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I'm trying to do a word count in a file and use every word in the file as key in an associative array. The value should be the occurences of the word.

while read line; do
done < $predfile

Now the problem is that there can be a * (star) in the file and I want to treat this star as a word. However when I want to output the occurences of the words with

for i in "${!occs[@]}"
  echo "$i : ${occs[$i]}" >> $resultfile

then bash trys to output ${occs[*]} when it reaches the star and I get "occs[*]: bad array subscript". I could use an if statement to handle this but I want to know if I can fill the array keys with escaped keys.

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Would you mind to add a small sample input that shows the above problem? Notice that: declare -A occs; i="*"; occs[$i]=100; echo "$i : ${occs[$i]}" works as expected. So the problem must be somewhere else. Did you declare the associative array? –  Rubens Oct 25 '13 at 16:01
yes I did the declare it with declare -A. You can use my code above and create a file which you use as my $predfile above with the following content : something anotherthing * (every word including the * separated by a newline) –  nico1510 Oct 25 '13 at 16:16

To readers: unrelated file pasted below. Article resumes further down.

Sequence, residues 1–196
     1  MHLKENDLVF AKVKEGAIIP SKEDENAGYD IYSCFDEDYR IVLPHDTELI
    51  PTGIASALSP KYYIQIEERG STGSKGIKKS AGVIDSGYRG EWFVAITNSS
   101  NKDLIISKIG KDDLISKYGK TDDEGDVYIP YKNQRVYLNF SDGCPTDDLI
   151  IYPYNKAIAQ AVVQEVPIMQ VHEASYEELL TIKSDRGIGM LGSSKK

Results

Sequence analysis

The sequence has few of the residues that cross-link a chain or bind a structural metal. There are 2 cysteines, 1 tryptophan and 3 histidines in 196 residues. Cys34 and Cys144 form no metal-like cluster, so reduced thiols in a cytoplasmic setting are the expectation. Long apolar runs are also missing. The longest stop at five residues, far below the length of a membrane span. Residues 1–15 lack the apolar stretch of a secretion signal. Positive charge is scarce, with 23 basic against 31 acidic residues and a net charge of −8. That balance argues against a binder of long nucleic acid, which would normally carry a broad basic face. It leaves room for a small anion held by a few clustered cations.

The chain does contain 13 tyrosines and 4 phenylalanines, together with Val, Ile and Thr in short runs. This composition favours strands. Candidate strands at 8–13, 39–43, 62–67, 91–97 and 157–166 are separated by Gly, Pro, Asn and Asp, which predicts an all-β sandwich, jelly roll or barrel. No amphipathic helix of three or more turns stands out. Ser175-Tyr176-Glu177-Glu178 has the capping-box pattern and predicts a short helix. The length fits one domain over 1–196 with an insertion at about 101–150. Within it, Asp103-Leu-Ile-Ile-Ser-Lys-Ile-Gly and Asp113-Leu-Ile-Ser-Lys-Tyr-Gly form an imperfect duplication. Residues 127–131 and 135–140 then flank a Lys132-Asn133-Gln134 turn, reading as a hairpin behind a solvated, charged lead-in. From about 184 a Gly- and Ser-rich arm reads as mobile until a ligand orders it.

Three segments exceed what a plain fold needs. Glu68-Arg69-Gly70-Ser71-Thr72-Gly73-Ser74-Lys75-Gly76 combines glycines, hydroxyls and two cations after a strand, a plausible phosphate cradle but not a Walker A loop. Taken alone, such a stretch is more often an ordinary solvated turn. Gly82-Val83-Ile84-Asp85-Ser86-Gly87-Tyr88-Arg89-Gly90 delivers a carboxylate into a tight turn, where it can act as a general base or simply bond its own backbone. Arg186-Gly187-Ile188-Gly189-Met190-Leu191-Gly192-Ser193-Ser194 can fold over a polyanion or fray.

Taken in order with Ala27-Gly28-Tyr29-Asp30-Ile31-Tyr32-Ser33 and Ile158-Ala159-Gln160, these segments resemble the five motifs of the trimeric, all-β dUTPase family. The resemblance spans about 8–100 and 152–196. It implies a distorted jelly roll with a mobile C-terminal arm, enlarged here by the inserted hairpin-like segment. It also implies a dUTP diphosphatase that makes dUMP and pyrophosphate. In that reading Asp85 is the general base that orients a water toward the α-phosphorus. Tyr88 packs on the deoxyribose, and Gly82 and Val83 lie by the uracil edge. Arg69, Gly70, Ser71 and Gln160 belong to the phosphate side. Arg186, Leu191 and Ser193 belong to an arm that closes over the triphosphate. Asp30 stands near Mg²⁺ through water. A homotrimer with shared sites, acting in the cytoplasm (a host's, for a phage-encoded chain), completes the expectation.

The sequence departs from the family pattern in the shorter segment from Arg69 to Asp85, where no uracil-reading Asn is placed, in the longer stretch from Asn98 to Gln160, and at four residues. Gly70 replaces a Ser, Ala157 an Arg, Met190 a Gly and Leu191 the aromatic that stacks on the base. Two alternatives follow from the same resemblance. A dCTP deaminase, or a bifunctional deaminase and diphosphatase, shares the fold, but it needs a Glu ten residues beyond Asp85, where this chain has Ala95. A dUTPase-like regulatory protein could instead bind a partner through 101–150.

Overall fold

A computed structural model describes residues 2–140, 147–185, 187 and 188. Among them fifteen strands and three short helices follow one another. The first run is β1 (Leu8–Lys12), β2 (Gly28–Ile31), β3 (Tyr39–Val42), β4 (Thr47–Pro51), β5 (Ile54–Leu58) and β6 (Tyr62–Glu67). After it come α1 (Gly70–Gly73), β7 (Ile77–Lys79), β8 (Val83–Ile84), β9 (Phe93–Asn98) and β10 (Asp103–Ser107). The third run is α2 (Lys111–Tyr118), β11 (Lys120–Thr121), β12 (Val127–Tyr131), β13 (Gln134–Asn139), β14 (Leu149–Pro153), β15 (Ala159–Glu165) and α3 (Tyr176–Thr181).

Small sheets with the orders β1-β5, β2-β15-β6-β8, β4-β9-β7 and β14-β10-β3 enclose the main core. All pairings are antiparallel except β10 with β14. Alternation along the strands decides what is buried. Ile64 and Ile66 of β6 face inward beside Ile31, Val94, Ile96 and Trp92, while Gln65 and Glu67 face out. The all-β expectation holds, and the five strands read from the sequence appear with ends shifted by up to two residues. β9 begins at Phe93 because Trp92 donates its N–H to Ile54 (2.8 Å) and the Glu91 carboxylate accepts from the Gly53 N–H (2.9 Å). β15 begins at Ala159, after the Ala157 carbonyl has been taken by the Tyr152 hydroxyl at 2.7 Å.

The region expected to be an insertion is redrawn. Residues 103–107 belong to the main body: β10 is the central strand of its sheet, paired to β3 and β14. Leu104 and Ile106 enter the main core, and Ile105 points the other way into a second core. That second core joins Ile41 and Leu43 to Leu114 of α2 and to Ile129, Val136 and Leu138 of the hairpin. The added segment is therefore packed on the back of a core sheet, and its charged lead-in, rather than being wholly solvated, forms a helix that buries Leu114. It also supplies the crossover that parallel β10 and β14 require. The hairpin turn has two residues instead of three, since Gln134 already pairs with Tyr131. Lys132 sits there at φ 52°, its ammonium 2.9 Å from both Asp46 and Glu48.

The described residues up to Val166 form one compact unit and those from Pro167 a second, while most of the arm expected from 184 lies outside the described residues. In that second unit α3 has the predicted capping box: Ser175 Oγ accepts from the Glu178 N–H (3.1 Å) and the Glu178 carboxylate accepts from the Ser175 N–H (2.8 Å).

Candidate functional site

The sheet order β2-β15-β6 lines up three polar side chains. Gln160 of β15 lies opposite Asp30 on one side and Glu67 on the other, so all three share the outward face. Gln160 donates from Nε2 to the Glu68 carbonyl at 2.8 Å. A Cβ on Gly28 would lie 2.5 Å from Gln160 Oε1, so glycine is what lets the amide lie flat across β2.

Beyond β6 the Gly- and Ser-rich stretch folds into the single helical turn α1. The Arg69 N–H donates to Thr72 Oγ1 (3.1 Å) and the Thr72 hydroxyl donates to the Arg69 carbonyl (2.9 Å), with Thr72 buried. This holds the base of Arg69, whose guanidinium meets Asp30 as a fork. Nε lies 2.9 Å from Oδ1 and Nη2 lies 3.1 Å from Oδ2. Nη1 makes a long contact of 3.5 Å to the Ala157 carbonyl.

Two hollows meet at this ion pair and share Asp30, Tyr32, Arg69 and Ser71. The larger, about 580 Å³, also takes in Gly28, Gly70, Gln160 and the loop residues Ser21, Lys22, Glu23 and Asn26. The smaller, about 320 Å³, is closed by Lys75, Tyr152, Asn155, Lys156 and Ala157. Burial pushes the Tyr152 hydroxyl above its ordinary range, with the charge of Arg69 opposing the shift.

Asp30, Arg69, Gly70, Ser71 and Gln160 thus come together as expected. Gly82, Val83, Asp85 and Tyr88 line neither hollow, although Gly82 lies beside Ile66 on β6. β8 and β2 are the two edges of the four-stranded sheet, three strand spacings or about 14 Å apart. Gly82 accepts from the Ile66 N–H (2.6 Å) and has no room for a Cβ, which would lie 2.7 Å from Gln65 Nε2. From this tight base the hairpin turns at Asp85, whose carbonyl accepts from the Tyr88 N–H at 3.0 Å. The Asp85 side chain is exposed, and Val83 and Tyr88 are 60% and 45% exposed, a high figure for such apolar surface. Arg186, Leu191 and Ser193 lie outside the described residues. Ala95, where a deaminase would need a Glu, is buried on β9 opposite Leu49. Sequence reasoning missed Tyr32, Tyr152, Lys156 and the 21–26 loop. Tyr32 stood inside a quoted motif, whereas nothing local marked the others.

The problem seems to stem from trying to use * as in index inside the ((...)) expression. There might be a way to fix this, but I would take it as a sign that bash is the wrong language for whatever you are trying to do. –  chepner Oct 25 '13 at 16:54
bash itself might not be the best ally for this particular purpose, but you could surely use POSIX' magic set of fantastic things, and solve your problem in a single line: tr ' ' '\n' < $predfile | sort | uniq -c > $resultfile. –  Rubens Oct 25 '13 at 17:05
thanks for the easier soultion –  nico1510 Oct 25 '13 at 17:55

1 Answer 1

up vote 1 down vote accepted

Your error occurs when you try to assign the array element, not when you use it. * and @ have special meaning as an array subscript, and apparently bash will not let you use those values as a regular array subscript. You have to handle * and @ specially.

Arrays subscripts must be integers.If you want to store arbitrary words as the array key, you need to declare your variable as an associative array.

declare -A occs
while read line; do 
    [[ $line = "*" ]] && line=star
    [[ $line = "@" ]] && line=asterisk
done < <(printf "%s\n" a b c \* \* c b a \* 1 2 3 \@)

for key in "${!occs[@]}"; do 
    printf "%s\t%d\n" "$key" "${occs[$key]}"
done | column -t
star      3
a         2
b         2
c         2
asterisk  1
1         1
2         1
3         1
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yes I could do that I just thougth there was a way to let bash know that I don't mean the special meaning of * but apparently thats not possible –  nico1510 Oct 25 '13 at 17:57

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